Japonism, from the French word “Japonisme” is the name given to the passion for Japan in decorative arts at the end of the 19th century. This term is used for the first time in 1872 by the art critic Philippe Burty (1830-1890). In hindsight, it’s possible to temporally limit this movement from the end of the 19th century to the beginning of the 20th century.
The enthusiasm for Japan can be explained thanks to surprise effect and scarcity: indeed, this country was closed for a long time to international trade. Japan’s opening to the world at the end of the 19th century generated great interest, supported by some merchants and collectors who widely participated to its diffusion, more and more significant in decorative arts and furniture, leading at the same time a long-term tendency effect for many years. The passion for this country was so strong that it was a true catalyst in all arts in general.
The year 2018, which just finished, was the year of the celebration of the 150th anniversary of the Peace, friendship, and trade treaty between France and Japan and allow us the occasion to revisit the start of an idyll between Japan and France at the 19th century.
Japan, history of an isolated peninsula
The Japonism in Art can only be fully conceived by taking the measure of the geopolitical history of Japan and its relations with other nations, with Occident in particular. The first contact between Occident and the archipelago was done on the initiative of Portuguese, from 1543. Their presence was followed by other Europeans, notably Jesuit missionaries as Saint François-Xavier which established and entrenched a fruitful trade on behalf of Portugal.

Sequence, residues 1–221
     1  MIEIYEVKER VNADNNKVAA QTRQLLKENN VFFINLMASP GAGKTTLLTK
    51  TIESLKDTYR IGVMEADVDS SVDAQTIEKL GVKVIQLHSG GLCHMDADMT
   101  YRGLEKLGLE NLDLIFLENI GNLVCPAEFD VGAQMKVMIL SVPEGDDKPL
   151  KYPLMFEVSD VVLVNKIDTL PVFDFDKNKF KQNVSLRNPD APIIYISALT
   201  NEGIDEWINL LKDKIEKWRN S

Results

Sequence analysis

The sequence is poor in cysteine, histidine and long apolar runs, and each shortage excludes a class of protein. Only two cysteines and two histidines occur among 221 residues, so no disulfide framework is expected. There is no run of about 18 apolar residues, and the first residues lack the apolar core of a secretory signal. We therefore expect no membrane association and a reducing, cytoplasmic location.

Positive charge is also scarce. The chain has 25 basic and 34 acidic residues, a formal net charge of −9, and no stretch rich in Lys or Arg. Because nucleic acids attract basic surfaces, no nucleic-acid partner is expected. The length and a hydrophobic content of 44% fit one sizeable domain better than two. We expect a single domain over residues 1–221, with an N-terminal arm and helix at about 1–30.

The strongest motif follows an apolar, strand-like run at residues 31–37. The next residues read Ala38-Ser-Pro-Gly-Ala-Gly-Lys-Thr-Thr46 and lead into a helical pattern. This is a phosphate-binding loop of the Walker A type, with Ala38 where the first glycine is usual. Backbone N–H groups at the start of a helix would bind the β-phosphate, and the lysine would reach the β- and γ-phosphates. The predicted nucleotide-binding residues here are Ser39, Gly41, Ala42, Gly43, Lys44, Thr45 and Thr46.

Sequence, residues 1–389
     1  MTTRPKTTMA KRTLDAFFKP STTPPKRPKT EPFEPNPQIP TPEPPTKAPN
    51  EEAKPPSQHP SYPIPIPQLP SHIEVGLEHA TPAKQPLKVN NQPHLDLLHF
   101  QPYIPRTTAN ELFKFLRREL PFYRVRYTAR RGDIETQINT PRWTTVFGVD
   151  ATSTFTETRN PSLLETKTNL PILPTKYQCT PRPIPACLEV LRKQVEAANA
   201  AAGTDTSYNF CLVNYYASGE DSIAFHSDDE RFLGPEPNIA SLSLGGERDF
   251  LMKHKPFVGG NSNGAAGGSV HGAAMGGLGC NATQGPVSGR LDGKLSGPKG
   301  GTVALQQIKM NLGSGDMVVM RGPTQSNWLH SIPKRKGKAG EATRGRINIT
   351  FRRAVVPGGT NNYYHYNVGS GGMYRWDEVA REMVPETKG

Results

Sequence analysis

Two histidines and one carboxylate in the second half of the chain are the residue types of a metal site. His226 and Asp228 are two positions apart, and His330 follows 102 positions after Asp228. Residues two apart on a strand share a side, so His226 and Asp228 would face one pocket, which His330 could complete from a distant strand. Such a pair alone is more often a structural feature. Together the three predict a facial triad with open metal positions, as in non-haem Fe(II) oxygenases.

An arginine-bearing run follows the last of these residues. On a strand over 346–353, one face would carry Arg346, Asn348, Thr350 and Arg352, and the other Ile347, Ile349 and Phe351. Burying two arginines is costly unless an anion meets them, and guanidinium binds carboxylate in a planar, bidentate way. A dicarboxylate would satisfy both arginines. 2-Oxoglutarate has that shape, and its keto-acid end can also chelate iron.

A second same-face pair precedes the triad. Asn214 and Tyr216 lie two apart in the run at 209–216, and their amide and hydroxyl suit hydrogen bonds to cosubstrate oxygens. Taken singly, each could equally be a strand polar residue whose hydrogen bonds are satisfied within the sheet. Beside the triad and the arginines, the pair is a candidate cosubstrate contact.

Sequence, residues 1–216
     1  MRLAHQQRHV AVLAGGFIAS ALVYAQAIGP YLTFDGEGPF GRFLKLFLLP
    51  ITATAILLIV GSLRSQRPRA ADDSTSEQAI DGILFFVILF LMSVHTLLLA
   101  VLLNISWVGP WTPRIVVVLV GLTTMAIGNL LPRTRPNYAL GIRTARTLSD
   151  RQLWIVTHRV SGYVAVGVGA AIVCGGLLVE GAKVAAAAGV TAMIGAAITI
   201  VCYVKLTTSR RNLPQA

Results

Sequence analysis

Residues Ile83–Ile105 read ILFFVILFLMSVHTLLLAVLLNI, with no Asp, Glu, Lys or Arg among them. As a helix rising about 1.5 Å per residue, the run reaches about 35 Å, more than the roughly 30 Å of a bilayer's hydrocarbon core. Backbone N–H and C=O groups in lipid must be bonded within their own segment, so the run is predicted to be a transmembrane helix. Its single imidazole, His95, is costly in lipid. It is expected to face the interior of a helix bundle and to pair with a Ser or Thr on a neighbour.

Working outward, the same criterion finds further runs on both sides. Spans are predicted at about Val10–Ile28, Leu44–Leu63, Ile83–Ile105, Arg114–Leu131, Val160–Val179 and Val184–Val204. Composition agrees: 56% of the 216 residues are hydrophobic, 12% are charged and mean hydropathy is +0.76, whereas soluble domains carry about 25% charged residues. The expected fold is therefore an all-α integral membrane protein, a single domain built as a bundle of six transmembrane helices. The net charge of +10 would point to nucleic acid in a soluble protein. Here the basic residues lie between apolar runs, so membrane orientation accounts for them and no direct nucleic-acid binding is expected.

If strangers were first tolerated, rapidly Japanese took the habit to call strangers “Naban”, literally “South barbarians”, a strong term that traduce the decrease esteem of Japanese for strangers. The first times of cohabitation were slightly peaceful and the trade, as the cultural exchanges between Japan and Occident, were dense. At this period, an Indo-Portuguese art appeared, also sometimes called or connected to Naban art, born from the mixing of these different influences.
However, the growing Christianity ended to worrying Japanese populations, who could not tolerate any longer the presence of these barbarians appearing unworthy of their culture, traditions and very few sophisticated! Christianity was forbidden from 1613 and violent repressions struck on Christians from the beginning of the 18th century. Japan gradually closed its doors to Europeans 1 and in 1650, the Christians as the almost all strangers remaining in Japan were liable to the death penalty, like the Japanese who wanted to leave the archipelago!